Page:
Course examining epidemics provides students with new perspective on COVID-19 pandemic
Trinity Reilly | Wednesday, October 28, 2020
We’ve all been living through a pandemic for months, but some students on campus are studying them, too.
Laurel Daen, assistant professor of American Studies, is teaching a course this semester titled “Epidemics in America,” which meets over Zoom. The course covers illnesses from cholera, to smallpox, to HIV/AIDS and how they affected American life — relating the country’s storied past with disease to the current COVID-19 pandemic.
Although campus may feel different this semester for many returning members of the Notre Dame community, it’s all Daen knows. This is her first semester teaching at the University.
She first proposed the idea for a class on American epidemics while interviewing for the position over a year ago, she said. At the time, she planned to teach it in the spring.
However, as COVID-19 spread globally and nationally and epidemics quickly became topical, Daen pushed for the class to take place this fall semester. Classes combine history with currents events, she said.
“It’s really about bringing thinking about the history and culture of America both from centuries ago and the present day,” Daen said.
Students do two readings for class. The first is historical, typically a primary source; the second is a contemporary news article that connects with the historical event, she said.
“If we’re thinking about medical discrimination and early America, we’re also going to be talking about medical discrimination with COVID-19 today,” Daen said. “There’s lots of connections through the readings.”
Junior Grace Scheidler and sophomore Martha Gluck are students in Daen’s class this semester. Both said they were struck by how many similarities COVID-19 has with prior epidemics, from leadership reaction to which groups are marginalized.
“I feel like I’ve learned so much that was just left out of history books,” Gluck said. “I understand so much better how coronavirus works, but also how epidemics affect people in pretty much the same way, no matter the disease.”
Daen said this realization is one of the main takeaways she hopes students get from the class.
“If you’re thinking about the media today, or anything you read, so much of it is talking about how unprecedented the pandemic is,” she said. “But there’s actually a lot of precedent for it. And so by analyzing past events, I think it gives students not only better context, but also better skills for understanding the complexity of what’s going on today.”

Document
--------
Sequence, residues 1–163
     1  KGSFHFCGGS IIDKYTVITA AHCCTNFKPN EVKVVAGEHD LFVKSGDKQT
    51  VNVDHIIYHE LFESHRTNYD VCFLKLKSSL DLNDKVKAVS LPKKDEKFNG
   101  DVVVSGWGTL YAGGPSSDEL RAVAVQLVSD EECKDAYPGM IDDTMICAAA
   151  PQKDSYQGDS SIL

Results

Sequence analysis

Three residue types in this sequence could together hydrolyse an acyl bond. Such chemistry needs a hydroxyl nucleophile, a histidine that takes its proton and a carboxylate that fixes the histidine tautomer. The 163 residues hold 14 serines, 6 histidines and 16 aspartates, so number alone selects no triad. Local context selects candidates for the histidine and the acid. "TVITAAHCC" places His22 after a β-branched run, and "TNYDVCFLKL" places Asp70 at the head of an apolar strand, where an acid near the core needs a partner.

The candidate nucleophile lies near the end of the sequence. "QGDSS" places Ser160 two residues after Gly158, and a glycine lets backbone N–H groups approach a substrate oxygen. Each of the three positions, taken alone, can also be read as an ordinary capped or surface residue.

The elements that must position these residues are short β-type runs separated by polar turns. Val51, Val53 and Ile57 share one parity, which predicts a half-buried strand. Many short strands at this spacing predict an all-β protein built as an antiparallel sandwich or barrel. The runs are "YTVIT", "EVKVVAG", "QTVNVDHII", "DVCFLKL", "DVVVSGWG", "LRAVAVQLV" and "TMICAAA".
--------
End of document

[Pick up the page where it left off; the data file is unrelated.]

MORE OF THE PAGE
One aspect of the class that puts the current epidemic into perspective, Daen said, is a journal that students write in twice a week. Ideally, she said, it will be a primary source from this point in history, and at the end of the semester, the anonymized entries will be placed in an archive.
Gluck said it’s interesting to look at her entries from earlier this semester and see what’s changed from then to now.
“We’ve been going back and reflecting on our entries and, even though it’s only been two months, the change is so clear,” she said. “So much has happened, and it’s really cathartic to write it all down.”
In fact, Gluck said her “Epidemics in America” work is the first thing she turns to as she sits down to study because she finds it so interesting.
Amid readings, journals and lectures, Scheidler and Gluck both said the class is an engaging way to get perspective on the COVID-19 pandemic.
It’s encouraging, Scheidler said, to know this isn’t the world turning upside down because so many things that shock us about life in a pandemic are typical of epidemics across America’s history.
“I think something that we as a class have found is that there’s a lot of comfort in learning about these past epidemics,” Scheidler said. “You would think learning about smallpox and the Black Death would be depressing, but there’s a certain universality to the experience of confronting a disease as a society and not really being equipped to handle it that makes COVID-19 seem not as bad.”
Daen said she was not expecting students to find the class hopeful — her classes, which typically focus on disease and disability, can often be heavy. But, she said, it was a welcome surprise that has made teaching the class all the more enjoyable.
“The class is so relevant and so personal, because we’re all living through a pandemic, and thinking about this history has been a really powerful thing for the students and for me teaching it,” Daen said.